Read more of Kim Lawton’s interview about King and Obama with Professor Harold Dean Trulear of Howard University in Washington, D.C.
We have a story today about other people wrestling with the notion of brotherly dwelling. They're Americans and Mexicans whose community is about to be bisected by the fence the government is building along the Rio Grande.
Yavilah McCoy is one of several thousand African-American Jews. She has devoted her talent and energy to use Gospel music to try to overcome the prejudice she has experienced from other Jews. To create a better future for her children, Yavilah wants it known that Jews come in a variety of shades and colors.
The story of a radical change in Minnesota's fifth congressional district in Minneapolis. A seat long-held by a Norwegian-American was taken over in the November 2006 election by an African American Muslim. This story aired prior to Ellison's victory.
Read more of Kim Lawton’s interview about Gardner Taylor with Duke Divinity School professor of preaching Richard Lischer.
Read an excerpt from HOW SHALL THEY PREACH? by Gardner C. Taylor.
The Church of Jesus Christ of Latter-day Saints — the Mormons — barred African-Americans from full membership until 1978. Since then, the church has increased its outreach to African-American communities, but has yet to repudiate its old teachings that blacks were cursed by God as descendents of Cain or Ham. More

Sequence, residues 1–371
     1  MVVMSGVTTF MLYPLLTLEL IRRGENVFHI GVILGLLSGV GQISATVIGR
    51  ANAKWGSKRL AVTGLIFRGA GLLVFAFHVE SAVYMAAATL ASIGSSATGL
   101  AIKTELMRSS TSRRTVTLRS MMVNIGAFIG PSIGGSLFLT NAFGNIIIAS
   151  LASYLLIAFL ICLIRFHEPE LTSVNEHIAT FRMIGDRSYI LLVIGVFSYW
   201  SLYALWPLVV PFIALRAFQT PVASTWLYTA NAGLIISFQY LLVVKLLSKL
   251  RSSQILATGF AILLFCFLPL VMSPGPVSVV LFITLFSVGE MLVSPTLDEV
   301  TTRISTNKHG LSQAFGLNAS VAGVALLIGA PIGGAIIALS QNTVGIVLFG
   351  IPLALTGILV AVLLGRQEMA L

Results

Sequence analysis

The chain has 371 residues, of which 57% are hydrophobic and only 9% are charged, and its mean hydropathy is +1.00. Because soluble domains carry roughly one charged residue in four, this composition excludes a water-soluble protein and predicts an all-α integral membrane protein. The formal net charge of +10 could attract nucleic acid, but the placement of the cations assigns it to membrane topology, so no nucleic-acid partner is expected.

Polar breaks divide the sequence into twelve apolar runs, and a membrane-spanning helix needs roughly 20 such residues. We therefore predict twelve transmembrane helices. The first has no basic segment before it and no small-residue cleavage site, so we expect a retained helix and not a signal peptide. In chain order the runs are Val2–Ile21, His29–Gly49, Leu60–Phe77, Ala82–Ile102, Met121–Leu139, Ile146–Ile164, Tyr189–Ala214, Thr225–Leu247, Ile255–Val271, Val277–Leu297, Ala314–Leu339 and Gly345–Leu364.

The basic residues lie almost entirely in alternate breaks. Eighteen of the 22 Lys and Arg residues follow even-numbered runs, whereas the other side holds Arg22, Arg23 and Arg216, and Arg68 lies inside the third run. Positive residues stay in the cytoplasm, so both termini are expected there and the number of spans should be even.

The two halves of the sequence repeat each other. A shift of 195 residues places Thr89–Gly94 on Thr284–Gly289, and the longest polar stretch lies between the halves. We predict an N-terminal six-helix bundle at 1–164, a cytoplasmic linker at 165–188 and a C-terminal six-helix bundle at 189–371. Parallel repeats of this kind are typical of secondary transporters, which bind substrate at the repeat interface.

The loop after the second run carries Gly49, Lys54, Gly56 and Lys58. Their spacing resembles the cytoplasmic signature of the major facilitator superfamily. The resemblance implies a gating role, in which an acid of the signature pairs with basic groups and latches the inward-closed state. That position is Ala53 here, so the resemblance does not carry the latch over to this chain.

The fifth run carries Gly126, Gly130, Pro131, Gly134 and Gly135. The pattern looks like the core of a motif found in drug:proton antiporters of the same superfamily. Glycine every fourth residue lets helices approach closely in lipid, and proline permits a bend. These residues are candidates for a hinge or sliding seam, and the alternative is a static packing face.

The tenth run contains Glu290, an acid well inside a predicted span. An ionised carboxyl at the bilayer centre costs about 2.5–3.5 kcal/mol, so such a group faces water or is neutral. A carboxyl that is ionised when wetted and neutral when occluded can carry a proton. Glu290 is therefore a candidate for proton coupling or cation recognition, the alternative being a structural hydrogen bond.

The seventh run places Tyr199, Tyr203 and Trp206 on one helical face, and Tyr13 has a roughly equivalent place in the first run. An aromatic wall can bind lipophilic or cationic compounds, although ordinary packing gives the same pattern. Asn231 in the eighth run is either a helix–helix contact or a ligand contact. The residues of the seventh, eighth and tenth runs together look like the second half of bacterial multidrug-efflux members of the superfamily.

Twenty-five years ago, in Greensboro, North Carolina, there was a shooting that left five people dead and the city polarized. Recently, a group of volunteers formed what they call a Truth and Community Reconciliation Project. The idea is to try to find out what happened that day and to create some forgiveness and healing. More
Every year, close to the anniversary of the assassination of Dr. Martin Luther King Jr. and that of "Black Sunday" -- the day in 1965 when state troopers attacked protesters marching from Selma to Montgomery -- the nonpartisan Faith and Politics Institute in Washington organizes a trip to Alabama. The trip's purpose is to remind members of Congress what the civil rights movement was all about.
Read more of Kim Lawton’s interview about art, social change, and Martin Luther King with Vincent Harding and his daughter, Rachel Harding. More